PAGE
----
Overall, the U.S. industrial climate is strong with industrial research and development spending for 2007 up more than $7 billion -- a trend that should remain strong through the year and into 2008.

Growth fields for industry are electronics, biotechnology, pharmaceuticals, software development, and process modeling.

Aerospace growth will get a healthy boost as commercial airliner sales, communication systems, and imaging satellite sales escalate.

The semiconductor market appears poised for dramatic growth as various elements within it support the emergence and development of new technology, low cost, high-efficiency photovoltaic systems that are approaching the cost efficiencies of petroleum-based energy supplies.

Industries that show promise for improvements in research and development are energy, nanotechnology-based materials science, and any industry or sub-industry involved in sustainability areas.

Non-profit research and development is growing, but academia is suffering. The near-zero growth in academic-based research can largely be attributed to a lack of industrial support, but federal and state government support has also dwindled. Non-profit research and development funding comes mainly from the federal government -- in particular the Department of Defense and the Department of Homeland Security -- which has kept funding levels in a growth mode.

Notable trends include outsourcing. The energy and pharmaceutical industries will continue to outsource research and development at a growing rate in 2007 followed by the computer and semiconductor industries.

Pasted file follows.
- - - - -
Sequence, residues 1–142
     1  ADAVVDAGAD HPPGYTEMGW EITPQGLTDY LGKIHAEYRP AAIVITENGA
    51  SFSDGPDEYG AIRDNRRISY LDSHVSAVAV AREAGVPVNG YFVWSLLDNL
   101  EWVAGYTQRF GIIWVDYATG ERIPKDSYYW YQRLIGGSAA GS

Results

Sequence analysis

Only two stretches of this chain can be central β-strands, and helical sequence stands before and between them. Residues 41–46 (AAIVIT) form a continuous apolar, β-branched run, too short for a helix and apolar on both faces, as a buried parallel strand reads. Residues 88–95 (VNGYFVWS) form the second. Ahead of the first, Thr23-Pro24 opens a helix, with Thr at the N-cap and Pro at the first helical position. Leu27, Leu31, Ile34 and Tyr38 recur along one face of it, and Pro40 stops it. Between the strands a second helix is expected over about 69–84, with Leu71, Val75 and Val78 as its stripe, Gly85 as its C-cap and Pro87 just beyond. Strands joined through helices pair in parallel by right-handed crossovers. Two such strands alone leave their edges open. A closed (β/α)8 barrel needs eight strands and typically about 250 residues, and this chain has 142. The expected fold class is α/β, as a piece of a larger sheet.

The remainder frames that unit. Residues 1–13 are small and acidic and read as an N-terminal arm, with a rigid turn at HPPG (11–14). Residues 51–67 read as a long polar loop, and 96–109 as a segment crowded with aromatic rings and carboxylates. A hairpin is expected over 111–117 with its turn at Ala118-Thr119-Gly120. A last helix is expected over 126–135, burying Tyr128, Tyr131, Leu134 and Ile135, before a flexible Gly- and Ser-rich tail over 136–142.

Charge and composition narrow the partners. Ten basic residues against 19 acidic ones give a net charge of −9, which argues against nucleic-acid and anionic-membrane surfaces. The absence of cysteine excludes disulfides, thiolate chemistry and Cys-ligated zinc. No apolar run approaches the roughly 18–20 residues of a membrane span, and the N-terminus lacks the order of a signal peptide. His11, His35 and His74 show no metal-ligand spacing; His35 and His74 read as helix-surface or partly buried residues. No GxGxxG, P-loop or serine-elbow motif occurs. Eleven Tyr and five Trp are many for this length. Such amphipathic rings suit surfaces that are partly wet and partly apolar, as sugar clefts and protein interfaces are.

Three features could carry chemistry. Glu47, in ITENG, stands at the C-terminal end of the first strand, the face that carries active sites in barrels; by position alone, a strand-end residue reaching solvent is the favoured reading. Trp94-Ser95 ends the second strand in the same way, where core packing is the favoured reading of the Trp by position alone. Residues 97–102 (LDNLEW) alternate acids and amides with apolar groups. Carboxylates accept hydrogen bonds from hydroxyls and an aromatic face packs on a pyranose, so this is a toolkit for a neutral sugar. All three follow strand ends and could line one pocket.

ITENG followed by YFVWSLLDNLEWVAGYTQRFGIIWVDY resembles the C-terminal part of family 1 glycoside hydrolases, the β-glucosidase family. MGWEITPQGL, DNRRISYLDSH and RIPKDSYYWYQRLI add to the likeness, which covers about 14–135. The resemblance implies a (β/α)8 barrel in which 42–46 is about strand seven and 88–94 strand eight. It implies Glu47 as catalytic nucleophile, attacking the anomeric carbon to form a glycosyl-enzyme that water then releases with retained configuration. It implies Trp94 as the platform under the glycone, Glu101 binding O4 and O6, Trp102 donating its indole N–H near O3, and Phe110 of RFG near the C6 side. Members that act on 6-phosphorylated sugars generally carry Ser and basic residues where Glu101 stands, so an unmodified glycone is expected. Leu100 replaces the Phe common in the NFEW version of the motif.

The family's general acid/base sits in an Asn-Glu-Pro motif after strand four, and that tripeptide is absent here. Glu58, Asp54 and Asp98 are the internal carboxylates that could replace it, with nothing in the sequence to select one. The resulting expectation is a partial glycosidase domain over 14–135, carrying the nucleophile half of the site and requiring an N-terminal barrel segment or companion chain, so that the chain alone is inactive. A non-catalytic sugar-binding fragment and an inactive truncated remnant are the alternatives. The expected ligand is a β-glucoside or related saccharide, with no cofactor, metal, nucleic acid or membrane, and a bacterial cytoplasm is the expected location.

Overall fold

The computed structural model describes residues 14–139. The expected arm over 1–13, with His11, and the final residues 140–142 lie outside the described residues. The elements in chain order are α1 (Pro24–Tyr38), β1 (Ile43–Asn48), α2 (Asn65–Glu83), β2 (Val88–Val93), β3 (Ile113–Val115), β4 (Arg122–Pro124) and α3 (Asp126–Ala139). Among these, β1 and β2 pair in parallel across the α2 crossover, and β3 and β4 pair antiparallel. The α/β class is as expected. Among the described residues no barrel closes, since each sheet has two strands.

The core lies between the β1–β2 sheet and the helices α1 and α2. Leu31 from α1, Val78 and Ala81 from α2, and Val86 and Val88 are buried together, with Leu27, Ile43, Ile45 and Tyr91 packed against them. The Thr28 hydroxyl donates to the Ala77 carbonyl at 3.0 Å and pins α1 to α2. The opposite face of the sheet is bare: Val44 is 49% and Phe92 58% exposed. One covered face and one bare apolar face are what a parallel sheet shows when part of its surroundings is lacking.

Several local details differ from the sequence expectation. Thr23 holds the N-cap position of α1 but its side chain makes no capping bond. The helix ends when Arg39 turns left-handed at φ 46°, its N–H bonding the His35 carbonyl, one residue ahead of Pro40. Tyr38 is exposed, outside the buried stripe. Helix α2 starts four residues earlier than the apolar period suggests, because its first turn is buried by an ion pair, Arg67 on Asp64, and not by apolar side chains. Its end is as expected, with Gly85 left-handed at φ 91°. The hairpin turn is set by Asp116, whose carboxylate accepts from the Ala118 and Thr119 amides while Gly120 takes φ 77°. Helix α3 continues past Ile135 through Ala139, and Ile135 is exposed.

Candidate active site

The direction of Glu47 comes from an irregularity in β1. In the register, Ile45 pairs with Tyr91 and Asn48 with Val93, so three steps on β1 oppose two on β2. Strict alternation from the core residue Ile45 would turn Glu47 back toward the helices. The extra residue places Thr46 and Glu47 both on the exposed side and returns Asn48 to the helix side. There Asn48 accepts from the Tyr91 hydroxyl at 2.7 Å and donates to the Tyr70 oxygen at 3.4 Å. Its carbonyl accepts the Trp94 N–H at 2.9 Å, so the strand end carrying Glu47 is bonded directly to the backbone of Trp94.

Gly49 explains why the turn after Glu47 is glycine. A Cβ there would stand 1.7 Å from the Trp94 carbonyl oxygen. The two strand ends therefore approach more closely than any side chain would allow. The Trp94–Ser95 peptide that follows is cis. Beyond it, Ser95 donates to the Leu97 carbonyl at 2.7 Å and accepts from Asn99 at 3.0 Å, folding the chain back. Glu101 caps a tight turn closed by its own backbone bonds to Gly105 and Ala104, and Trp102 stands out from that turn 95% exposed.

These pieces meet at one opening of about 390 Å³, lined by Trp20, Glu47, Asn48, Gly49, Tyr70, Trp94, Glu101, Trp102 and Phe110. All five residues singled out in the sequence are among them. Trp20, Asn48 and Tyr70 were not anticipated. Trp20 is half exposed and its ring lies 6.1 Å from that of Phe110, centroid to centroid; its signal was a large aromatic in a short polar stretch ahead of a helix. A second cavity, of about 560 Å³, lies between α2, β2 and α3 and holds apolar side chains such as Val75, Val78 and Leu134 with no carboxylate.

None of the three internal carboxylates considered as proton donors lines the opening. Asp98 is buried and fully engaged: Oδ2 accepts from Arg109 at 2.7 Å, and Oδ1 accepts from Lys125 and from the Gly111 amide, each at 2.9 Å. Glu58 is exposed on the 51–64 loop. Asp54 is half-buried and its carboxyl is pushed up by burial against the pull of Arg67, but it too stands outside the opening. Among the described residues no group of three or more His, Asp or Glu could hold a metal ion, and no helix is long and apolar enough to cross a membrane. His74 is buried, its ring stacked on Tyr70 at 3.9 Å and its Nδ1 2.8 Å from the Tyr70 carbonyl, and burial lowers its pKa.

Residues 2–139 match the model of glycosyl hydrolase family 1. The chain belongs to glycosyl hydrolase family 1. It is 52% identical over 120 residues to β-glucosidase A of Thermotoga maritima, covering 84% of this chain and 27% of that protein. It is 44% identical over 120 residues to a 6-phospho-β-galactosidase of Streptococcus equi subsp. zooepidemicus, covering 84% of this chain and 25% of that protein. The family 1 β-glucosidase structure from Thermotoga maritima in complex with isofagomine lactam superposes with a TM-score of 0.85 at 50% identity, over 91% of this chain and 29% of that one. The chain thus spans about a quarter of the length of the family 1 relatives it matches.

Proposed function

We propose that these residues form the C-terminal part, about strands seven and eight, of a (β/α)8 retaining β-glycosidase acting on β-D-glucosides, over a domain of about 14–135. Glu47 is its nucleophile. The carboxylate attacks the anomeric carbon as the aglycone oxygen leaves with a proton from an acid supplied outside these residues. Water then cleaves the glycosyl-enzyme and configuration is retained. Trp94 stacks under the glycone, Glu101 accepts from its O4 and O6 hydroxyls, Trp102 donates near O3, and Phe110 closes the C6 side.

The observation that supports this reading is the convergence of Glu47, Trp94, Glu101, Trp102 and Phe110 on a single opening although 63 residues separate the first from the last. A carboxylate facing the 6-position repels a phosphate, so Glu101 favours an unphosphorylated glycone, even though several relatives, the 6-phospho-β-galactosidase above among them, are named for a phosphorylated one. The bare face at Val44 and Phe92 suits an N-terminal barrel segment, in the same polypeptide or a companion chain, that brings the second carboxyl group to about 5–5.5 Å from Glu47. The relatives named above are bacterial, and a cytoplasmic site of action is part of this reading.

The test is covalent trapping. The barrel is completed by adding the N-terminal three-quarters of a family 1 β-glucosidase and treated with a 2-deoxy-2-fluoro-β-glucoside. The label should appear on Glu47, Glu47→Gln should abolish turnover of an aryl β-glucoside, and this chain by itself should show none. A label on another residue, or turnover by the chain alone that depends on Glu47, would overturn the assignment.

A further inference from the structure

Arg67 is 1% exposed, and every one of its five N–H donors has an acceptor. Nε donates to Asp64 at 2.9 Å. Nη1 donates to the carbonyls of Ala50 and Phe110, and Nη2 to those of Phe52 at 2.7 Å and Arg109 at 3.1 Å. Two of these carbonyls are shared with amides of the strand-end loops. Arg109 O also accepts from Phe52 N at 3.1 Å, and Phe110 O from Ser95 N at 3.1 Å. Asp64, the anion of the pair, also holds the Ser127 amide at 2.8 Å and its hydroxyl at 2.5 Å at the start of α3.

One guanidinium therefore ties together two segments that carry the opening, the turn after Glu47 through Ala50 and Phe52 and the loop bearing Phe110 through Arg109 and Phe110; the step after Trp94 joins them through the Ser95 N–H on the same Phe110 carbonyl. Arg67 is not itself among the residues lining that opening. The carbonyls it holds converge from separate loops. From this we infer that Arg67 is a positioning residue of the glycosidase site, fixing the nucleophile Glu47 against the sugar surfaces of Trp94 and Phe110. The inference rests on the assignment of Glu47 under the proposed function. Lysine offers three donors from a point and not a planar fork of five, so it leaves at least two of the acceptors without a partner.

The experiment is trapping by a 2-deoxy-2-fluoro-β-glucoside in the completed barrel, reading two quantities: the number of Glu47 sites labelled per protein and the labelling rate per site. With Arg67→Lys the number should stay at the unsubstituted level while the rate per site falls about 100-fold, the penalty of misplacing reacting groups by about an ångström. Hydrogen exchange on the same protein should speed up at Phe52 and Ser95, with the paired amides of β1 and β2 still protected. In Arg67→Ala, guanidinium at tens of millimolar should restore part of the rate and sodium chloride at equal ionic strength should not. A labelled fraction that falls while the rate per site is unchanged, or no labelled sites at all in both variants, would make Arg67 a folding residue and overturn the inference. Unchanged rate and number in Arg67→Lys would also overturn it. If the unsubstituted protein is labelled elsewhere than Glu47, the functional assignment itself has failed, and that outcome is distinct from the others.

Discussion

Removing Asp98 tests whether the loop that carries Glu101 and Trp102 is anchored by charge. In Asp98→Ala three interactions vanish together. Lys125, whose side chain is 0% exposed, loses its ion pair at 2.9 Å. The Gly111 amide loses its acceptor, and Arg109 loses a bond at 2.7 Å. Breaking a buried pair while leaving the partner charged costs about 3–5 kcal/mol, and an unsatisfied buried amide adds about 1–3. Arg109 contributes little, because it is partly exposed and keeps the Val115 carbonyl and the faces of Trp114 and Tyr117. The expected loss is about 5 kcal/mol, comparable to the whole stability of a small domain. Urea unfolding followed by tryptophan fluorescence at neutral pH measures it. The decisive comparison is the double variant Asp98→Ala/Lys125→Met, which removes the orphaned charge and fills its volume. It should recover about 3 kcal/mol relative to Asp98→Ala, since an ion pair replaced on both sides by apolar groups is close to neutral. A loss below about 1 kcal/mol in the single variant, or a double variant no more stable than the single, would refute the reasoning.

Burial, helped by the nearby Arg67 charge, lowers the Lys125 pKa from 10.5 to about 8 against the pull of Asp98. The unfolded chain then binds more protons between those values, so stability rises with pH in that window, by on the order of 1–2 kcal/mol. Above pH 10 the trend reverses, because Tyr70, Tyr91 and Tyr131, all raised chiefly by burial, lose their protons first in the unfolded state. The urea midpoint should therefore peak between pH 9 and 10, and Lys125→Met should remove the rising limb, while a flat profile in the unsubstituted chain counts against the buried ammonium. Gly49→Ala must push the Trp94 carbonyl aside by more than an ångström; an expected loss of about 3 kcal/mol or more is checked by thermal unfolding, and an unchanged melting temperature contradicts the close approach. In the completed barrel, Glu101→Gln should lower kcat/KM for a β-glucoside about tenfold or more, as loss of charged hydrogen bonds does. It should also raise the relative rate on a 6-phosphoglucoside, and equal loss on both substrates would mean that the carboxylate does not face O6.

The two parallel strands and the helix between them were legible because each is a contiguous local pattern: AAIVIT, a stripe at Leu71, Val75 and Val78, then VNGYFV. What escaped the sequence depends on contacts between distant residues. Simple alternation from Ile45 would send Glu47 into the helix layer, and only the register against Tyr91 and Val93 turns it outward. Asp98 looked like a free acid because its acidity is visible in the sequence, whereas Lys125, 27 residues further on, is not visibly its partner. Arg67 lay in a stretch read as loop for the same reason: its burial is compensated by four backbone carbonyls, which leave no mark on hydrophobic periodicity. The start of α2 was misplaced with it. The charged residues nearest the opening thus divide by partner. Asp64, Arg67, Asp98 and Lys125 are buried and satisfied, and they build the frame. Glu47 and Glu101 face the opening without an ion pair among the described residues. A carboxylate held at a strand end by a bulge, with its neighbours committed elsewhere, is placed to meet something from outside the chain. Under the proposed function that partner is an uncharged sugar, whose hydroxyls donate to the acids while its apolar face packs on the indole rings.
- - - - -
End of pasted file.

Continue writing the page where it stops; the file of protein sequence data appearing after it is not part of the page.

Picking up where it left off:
The largest portion of outsourcing will go to other industrial concerns -- largely those in the supply pipeline -- and commercial labs followed by academia and federal labs. Overall, about five percent is projected to be outsourced to foreign labs, but the general trend toward this mode of operations should grow.

The shifting demographics of the U.S. science establishment raise a warning flag. Many program managers, planners, teachers, researchers, and operating scientists and engineers are approaching retirement age. There are thus legitimate concerns regarding the number of future practicing science and technology employees working their way through the educational pipeline. In addition, there will be continuing needs for an educated public that can participate in the public debate over science and technology.

"Over the past decade, the character of U.S. research and development funding has undergone rather significant changes in what is generally an enterprise that is marginally predictable," Duga says. "These may well be seen as factors that have had, and will continue to have, impacts on the health and strength of the U.S. research and development enterprise."

Federal funding has been influence by the emphasis that was required to initiate special programs directed toward the global war on terror and the development of techniques to fight non-traditional types of ground wars.

Federal funding for research and development has also been affected by major federal budget deficits that accompanied the necessity of responding to the unanticipated damage associated with natural disasters.

Changes in industrial funding have been influenced by major moves toward establishing or pursuing research programs in financially and intellectually attractive offshore locales.

Other countries, particularly China and India, are making aggressive moves toward becoming formidable participants in the global research and development and technology arena, with resultant strengthening economic presences.

The next few years will likely see significant changes in the relative position of the U.S. research and development enterprise, and it will be necessary to engage in stronger ties with the overall international science and technology community.

The full report of the 2007 research and development Funding Forecast is in the January 2007 issue of R&D Magazine. The report also is online at For more information contact Battelle online at